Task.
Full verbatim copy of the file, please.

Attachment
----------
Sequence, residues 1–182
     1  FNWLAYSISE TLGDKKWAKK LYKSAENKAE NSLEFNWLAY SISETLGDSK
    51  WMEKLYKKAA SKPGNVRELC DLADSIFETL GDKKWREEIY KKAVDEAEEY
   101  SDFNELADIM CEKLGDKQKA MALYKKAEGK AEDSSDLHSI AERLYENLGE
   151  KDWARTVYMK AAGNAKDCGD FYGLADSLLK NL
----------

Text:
Sequence, residues 1–182
     1  FNWLAYSISE TLGDKKWAKK LYKSAENKAE NSLEFNWLAY SISETLGDSK
    51  WMEKLYKKAA SKPGNVRELC DLADSIFETL GDKKWREEIY KKAVDEAEEY
   101  SDFNELADIM CEKLGDKQKA MALYKKAEGK AEDSSDLHSI AERLYENLGE
   151  KDWARTVYMK AAGNAKDCGD FYGLADSLLK NL